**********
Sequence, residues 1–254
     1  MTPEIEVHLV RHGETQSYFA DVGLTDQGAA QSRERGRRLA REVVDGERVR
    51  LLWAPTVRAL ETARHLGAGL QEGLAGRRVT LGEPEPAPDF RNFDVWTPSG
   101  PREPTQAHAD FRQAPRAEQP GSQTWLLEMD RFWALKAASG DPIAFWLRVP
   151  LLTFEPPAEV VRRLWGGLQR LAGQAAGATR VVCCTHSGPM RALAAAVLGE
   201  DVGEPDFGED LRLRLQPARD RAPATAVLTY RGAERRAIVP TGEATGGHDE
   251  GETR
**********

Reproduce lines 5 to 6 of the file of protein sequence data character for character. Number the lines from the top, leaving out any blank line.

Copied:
   151  LLTFEPPAEV VRRLWGGLQR LAGQAAGATR VVCCTHSGPM RALAAAVLGE
   201  DVGEPDFGED LRLRLQPARD RAPATAVLTY RGAERRAIVP TGEATGGHDE